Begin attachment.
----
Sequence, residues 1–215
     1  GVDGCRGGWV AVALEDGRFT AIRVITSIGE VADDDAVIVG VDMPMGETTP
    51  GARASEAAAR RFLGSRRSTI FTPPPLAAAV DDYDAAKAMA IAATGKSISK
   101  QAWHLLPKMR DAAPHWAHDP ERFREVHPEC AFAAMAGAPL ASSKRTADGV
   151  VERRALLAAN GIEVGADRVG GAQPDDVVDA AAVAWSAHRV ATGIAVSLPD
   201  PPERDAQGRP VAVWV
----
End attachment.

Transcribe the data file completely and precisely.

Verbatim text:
Sequence, residues 1–215
     1  GVDGCRGGWV AVALEDGRFT AIRVITSIGE VADDDAVIVG VDMPMGETTP
    51  GARASEAAAR RFLGSRRSTI FTPPPLAAAV DDYDAAKAMA IAATGKSISK
   101  QAWHLLPKMR DAAPHWAHDP ERFREVHPEC AFAAMAGAPL ASSKRTADGV
   151  VERRALLAAN GIEVGADRVG GAQPDDVVDA AAVAWSAHRV ATGIAVSLPD
   201  PPERDAQGRP VAVWV